Q. What is Fibromyalgia Syndrome? [FMS]
A. A chronic pain disorder characterized by diffuse, muscular aching and stiffness. Non-restorative sleep is thought to contribute significantly to this complicated syndrome that is in evolution. There are  types: primary [idiopathic], secondary [associated with another disorder] and post-traumatic [onset initiated following bodily injury].
Q. What causes Fibromyalgia Syndrome? [FMS]
A. FMS is a very complicated condition that appears to have more than a single cause. FMS can be activated by a physical or emotional injury or can follow an illness like the flu. To date, the underlying true etiology remains a medical mystery.
Q. Is FMS inherited or contagious?
A. Recent studies suggest genetic predisposition could play a role in the condition. There is no evidence to suggest that FMS is contagious.
Q. Who does FMS target?
A. The condition strikes 8 times as many women as men and mid-life is the targeted age group, but it can occur at any age to either sex.
Q. How severe is the pain?
A. A medical research team from Finland has reported that the pain intensity from FMS is twice that of rheumatoid arthritis.
Q. How is FMS diagnosed?
A. Laboratory or x-ray findings are not needed to diagnose FMS, however, often times numerous tests are conducted to rule out other conditions. According to the American College of Rheumatology the 1990 criteria requires a history of widespread pain [minimum 3 months]. The pain pattern must include both right and left sides of the body, be located above and below the waist and also include the axial skeletal region. On digital examination pain must be noted in at least 11 of 18 characteristic tender point sites.
Q. What aggravates FMS symptoms?
A. The symptoms of pain, stiffness and soreness are often aggravated by cold or damp weather, anxiety or stress, over-use or repetitive activity and poor sleep. Long periods of inactivity will also activate symptoms.
Q. What treatment is recommended?
A. Treatment is aimed at reducing symptoms not curing the underlying condition because the etiology at present is not known. FMS has no well defined or universally accepted therapy regimen. A combination of massage, exercise, stress manage- ment techniques and medication are considered the most effective treatments now available.
Q. How about exercise?
A. When muscles are inactive they become shorter and weaker. Also, tendons, ligaments, bones and cartilage are more prone to injury. FMS patients MUST get at least a few minutes of exercise each day despite the pain. Stretching, strengthening and cardiovascular are 3 forms of needed and recommended exercises.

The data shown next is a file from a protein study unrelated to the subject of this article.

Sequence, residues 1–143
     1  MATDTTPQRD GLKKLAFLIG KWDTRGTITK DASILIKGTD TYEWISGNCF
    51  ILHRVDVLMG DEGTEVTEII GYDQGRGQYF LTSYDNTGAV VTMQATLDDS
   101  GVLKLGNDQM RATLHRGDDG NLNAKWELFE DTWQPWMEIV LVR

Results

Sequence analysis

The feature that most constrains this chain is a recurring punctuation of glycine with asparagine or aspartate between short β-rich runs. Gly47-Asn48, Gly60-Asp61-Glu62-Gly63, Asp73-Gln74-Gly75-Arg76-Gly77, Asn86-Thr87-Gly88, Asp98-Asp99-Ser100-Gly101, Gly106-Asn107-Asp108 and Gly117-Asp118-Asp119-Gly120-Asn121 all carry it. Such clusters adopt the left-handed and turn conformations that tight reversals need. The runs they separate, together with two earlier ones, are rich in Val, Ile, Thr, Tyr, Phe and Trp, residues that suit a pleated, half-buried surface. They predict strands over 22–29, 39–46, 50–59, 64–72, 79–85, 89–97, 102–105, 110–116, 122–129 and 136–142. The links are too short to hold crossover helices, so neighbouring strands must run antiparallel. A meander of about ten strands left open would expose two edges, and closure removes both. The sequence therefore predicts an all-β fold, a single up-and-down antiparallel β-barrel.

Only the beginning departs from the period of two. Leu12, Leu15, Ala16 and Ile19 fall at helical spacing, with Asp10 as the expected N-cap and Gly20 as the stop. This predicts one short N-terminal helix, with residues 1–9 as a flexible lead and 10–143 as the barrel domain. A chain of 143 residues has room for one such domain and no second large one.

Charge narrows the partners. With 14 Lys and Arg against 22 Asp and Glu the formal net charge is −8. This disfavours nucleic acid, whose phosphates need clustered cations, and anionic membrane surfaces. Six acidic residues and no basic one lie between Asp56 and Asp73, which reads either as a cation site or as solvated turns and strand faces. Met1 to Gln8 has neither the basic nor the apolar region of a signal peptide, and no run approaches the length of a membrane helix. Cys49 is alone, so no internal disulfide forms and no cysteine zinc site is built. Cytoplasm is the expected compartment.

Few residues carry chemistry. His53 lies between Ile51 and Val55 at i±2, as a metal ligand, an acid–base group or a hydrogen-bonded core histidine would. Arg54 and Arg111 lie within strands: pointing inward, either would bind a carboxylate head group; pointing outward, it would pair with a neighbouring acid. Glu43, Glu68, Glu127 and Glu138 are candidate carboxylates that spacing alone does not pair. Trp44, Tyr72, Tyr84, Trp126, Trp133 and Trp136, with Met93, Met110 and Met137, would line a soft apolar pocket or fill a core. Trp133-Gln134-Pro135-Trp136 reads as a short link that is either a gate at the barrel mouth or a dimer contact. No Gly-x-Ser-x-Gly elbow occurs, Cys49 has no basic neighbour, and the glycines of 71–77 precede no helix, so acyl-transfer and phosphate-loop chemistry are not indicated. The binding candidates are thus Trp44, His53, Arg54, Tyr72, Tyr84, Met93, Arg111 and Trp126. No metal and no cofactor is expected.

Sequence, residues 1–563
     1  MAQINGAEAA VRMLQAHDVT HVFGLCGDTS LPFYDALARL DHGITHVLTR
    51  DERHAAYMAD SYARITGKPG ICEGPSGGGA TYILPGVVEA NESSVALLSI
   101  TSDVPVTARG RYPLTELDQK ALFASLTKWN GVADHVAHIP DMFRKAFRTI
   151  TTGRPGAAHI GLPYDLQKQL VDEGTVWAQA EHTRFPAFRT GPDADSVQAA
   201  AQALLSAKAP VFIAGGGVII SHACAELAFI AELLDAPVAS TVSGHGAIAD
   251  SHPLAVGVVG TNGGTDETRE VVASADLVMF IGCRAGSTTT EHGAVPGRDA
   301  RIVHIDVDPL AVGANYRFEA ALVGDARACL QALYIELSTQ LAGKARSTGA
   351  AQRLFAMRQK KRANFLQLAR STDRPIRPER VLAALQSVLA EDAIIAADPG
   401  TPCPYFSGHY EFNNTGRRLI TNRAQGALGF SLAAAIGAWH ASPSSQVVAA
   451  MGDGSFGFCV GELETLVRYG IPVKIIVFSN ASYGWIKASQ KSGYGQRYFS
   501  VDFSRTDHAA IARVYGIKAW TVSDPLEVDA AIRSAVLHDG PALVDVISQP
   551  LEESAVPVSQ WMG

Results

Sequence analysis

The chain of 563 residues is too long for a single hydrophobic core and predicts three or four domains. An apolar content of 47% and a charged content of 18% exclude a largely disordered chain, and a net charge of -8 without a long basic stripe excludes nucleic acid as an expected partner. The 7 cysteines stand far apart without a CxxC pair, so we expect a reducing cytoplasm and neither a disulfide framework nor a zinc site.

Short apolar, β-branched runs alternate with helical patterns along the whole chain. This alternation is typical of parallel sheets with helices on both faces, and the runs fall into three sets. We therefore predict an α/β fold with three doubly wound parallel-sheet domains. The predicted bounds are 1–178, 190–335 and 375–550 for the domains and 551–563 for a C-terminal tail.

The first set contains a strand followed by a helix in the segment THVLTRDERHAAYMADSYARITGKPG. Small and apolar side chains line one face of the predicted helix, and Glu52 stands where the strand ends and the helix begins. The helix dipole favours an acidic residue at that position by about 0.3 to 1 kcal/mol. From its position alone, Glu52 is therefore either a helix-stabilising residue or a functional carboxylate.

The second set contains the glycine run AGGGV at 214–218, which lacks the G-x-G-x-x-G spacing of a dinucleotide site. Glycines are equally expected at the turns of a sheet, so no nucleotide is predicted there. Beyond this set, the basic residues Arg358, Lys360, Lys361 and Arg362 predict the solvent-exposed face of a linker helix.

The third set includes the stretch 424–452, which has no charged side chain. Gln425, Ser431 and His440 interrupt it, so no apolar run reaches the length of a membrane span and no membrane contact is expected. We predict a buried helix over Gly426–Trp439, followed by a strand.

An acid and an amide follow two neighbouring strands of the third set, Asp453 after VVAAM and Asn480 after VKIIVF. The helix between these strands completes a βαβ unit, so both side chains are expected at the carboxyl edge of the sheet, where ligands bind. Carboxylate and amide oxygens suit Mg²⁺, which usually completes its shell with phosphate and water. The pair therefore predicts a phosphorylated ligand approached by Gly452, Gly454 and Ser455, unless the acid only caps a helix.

Q. Does stretching help?
A. The muscles of FMS often feel tight, stiff and ropelike. Both stretching and massaging the involved muscles brings relief. The Intracell Stick provides the benefits of stretching and massage. I use it before and after exercise. It is extremely helpful during sudden flare-ups.
Q. What about nutritive supplements?
A. I know of no controlled studies evaluating a nutritive supplement’s effectiveness for FMS. Yet there is a metabolic hypothesis that MIGHT offer relief. This includes CO-Q-10, Magnesium and Malic Acid . . . ask your doctor.
Q. Does massage help?
A. Research suggests that fibromyalgic muscles fail to receive adequate oxygen. Massage increases circulation and augments the uptake of oxygen. It is better, however, to have several short massage sessions than to have a single extended session. When it comes to therapeutic massage the answer is MORE OFTEN not just more. This is why I prefer the Intracell Stick muscle device.
Q. How is sleep involved?
A. Most people with FMS fail to achieve restful, restorative sleep. If you feel sore, stiff, tired and unrefreshed upon waking, you have typical symptoms of FMS. The quality (depth) of sleep is more important than the quantity (hours) of sleep. Most FMS people are deprived of an adequate number of deep [Delta] sleep stages.
Q. What about FMS research?
A. In 1993 the US government spent 3 cents per patient on FMS research but lobbying efforts increased that figure to 28 cents per patient in 1994. Recent Senate Subcommittee testimony estimated fiscal impact on the US economy to be $9.2 billion per year.